Childhood

This latest blog has been my most difficult to date. I wanted to do a study of children in England during the 17th century, and while there are numerous examples I could use, they are, for the most part, restricted to a single demographic, which is children of the nobility or royalty. For obvious reasons, this section of society was the most able to afford to commission portraits of their children, so it has been very hard to find representatives of those in the lower classes or poorer families from this period. If readers can point me in the direction of any, please feel free to leave a comment at the end of the post.

So with apologies for the somewhat one-sided view, I’ll start with with one of the most famous children of all at the start of the 1600s…

Charles I as Duke of York
Charles I when still Duke of York, by Robert Peake the Elder, 1605
Bristol Museum and Art Gallery

 

Lady Mary Feilding
Lady Mary Feilding, as Countess of Aran, later Marchioness and Duchess of Hamilton (1613-1638), by Daniel Mytens, 1620

I like this one very much. I’ve never seen it before, and it’s quite unusual with the striking orange dress and feathered hair around the side of her face. Can any costume experts suggest what the white hair decoration would be made of? It looks to me like a lace headband, perhaps a comb, but as I know nothing about clothing in this period, I am happy to be corrected. Incidentally, for anyone interested in family connections, Lady Mary was a niece of George Villiers, Duke of Buckingham, the favourite courtier of both King James and Charles I.

 

Browne family
A Family Group, called Sir Thomas Browne and his Family, perhaps in part by William Dobson, c.1640s(?), The Chatsworth House Trust

 

Princess Mary
Princess Mary, Daughter of Charles I, c.1637, by Van Dyck
Museum of Fine Arts, Boston

 

3rd Viscount Cary

This is my favourite. I have seen this portrait by Cornelius Johnson described as Lucius Cary, 2nd Viscount Falkland (the subject of an earlier blog post), but this has to be wrong as Johnson was mainly working from the 1640s onwards, much too late to have painted King Charles’s wartime Secretary of State as a child. Another source says that this is Falkland’s son, Lucius Cary, the 3rd Viscount (1632-1649), which must be correct. Whoever the boy is, it’s a very endearing picture, complete with Johnson’s signature wide lace collar. I like that there is nothing behind or around him, and other than his hat, there are no distracting props to take your attention from the face or the pink colouring of his outfit.

 

Esme Stewart
Esme Stewart, 5th Duke of Lennox, 2nd Duke of Richmond, by John Weesop, 1653
©historicalportraits.com

 

Esme Stuart and sister Mary
Esme Stewart, 2nd Duke of Richmond, and his sister Mary, by John Michael Wright, c.1660
(section of larger portrait including their mother, Mary Villiers, Duchess of Lennox
and Richmond)

 

Basil Dixwell
Sir Basil Dixwell, bt.(1665-1750), by Mary Beale, 1681

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The Early Years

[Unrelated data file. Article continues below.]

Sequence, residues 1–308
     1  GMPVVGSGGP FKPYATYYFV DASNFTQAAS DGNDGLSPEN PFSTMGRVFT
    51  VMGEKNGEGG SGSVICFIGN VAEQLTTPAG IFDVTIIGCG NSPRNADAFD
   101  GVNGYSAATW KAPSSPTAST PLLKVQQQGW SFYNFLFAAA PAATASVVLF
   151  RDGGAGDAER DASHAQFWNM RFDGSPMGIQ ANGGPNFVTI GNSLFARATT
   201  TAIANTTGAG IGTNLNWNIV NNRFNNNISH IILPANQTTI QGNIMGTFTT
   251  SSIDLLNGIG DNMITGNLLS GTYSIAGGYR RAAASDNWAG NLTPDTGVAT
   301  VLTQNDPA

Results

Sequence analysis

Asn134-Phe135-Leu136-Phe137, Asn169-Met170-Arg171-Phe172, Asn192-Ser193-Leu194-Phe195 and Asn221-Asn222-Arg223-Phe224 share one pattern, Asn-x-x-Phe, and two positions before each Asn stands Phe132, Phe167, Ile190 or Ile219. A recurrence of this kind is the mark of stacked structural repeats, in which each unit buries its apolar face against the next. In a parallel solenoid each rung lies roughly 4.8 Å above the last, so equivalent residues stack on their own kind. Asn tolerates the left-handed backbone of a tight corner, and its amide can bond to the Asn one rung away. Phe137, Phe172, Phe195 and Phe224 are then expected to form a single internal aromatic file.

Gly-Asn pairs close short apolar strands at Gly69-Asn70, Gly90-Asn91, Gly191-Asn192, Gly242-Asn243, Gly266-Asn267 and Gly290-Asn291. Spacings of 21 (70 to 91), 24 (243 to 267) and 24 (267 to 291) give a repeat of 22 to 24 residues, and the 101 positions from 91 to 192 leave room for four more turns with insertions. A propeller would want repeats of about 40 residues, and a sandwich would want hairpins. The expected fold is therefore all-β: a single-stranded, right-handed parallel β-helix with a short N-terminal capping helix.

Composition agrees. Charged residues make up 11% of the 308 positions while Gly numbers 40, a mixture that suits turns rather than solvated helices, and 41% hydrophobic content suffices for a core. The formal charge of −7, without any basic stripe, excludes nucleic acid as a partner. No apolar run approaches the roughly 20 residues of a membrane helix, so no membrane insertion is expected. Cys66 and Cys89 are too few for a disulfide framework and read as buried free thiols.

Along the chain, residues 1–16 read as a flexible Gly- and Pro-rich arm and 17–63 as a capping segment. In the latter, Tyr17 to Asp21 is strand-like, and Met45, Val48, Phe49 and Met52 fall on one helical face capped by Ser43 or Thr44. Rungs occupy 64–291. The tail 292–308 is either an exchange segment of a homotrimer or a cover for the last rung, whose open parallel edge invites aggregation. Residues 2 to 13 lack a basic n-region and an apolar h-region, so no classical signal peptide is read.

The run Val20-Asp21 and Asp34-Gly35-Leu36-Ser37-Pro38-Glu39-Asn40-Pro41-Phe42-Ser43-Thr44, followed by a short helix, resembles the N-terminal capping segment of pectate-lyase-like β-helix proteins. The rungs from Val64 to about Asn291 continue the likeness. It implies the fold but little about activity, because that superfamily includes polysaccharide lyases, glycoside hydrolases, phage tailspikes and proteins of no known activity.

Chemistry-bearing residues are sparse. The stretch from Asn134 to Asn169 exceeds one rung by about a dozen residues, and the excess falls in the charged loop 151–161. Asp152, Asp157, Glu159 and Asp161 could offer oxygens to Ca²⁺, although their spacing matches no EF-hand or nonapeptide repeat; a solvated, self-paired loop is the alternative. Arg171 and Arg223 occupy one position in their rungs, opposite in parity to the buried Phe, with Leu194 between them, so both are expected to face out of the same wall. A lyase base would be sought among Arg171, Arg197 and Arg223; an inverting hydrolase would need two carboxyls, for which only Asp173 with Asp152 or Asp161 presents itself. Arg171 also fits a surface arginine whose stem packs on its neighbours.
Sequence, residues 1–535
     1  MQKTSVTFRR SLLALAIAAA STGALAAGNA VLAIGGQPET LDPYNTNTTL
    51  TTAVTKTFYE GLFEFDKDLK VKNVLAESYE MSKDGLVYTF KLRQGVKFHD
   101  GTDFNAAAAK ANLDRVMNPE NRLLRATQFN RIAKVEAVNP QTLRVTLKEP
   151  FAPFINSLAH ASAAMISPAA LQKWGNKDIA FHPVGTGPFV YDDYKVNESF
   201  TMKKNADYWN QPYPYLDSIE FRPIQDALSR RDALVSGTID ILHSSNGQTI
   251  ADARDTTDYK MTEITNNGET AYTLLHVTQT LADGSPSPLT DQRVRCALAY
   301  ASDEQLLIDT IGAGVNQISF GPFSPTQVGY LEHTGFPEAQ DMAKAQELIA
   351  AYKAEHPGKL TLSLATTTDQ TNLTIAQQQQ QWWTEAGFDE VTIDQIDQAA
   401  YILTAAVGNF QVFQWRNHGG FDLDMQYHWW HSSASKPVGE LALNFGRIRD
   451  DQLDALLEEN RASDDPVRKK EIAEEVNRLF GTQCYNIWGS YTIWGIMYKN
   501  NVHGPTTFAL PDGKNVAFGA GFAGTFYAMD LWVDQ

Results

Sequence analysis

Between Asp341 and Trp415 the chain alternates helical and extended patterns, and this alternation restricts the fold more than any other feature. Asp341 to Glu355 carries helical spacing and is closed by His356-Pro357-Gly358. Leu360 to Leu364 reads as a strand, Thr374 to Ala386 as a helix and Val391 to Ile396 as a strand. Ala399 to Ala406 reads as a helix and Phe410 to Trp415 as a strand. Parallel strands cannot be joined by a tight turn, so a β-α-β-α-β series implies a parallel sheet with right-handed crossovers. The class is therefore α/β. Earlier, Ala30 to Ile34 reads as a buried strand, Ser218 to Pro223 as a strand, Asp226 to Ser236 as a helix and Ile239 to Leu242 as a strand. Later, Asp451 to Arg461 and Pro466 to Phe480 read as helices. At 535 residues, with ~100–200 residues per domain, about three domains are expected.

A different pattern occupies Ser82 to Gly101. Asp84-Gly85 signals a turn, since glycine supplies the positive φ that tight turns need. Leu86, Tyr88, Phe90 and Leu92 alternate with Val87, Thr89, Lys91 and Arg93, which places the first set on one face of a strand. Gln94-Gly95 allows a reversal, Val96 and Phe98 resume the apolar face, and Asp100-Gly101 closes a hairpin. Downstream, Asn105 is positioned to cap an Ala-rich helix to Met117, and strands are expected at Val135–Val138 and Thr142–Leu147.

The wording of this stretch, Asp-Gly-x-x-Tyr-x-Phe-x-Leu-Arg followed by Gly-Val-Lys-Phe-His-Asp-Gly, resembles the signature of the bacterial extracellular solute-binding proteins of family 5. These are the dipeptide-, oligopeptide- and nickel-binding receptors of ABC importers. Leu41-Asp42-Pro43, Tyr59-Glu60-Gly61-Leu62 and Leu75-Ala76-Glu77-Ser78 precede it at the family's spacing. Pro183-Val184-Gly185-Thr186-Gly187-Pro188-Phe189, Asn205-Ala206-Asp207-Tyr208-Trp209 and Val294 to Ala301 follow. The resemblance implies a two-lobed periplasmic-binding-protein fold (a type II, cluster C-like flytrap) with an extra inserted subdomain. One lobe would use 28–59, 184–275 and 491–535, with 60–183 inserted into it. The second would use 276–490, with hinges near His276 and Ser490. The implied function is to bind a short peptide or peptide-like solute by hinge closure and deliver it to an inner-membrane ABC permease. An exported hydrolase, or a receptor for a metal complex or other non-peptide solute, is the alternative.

I’ve been focussing a lot on portraits from the 1640s, so I thought I’d take a look at some earlier painters, active during the reign of King James I, to illustrate how portraiture (and fashion) changed as the century went on.

First, we have Flemish-born John de Critz (1551/2-1642), who was employed by King James in 1603 as serjeant painter* (jointly at first with another painter named Leonard Fryer, who had held the post under Queen Elizabeth), and produced pictures of the royal family, their Court and the nobility.

In this picture of James’s queen, Anne of Denmark (date not given), both the art and fashion still strongly resemble the Elizabethan style, and the sometimes flat, static poses and brushwork. I do like the drapery and shine on her skirts, however, and the intricate patterning of the lace collar.

Anne of Denmark
Anne of Denmark,  by John de Critz the Elder, ©National Portrait Gallery, London
(c) Montacute House; Supplied by The Public Catalogue Foundation
James VI & I (1566-1625), by John de Critz the Elder,  date? © National Trust

Robert Peake the Elder (c.1551-1619) was an English artist employed by Queen Elizabeth, and after her death, by King James.  He shared the role of serjeant painter with John de Critz from 1607, and had also been appointed official picture-maker to the young heir, Prince Henry of Wales, of whom he created this unusually colourful portrait in 1603.

Henry Prince of Wales
Henry Frederick (1594–1612), Prince of Wales, with Sir John Harington (1592–1614), in the Hunting Field, 1603. ©The Metropolitan Museum of Art, New York

Finally,  we have Paul van Somer (c1577-1621) another Flemish painter, who came to England around 1616 and began working at King James’s court.

James I van Somer I
James I of England and VI of Scotland, date? by Paul van Somer I, ©Museo del Prado, Madrid

Portraiture was developing, although not drastically so as yet. But with the 1620s came the period of Peter Paul Rubens, Daniel Mytens, and  Antony Van Dyck, all of whom would bring a new ‘look’ to English portraiture…

 

 

*The Serjeant Painters were employed, not only to paint original portraits and copies,  but also in the gilding and decorating of royal residences, coaches, barges, etc.
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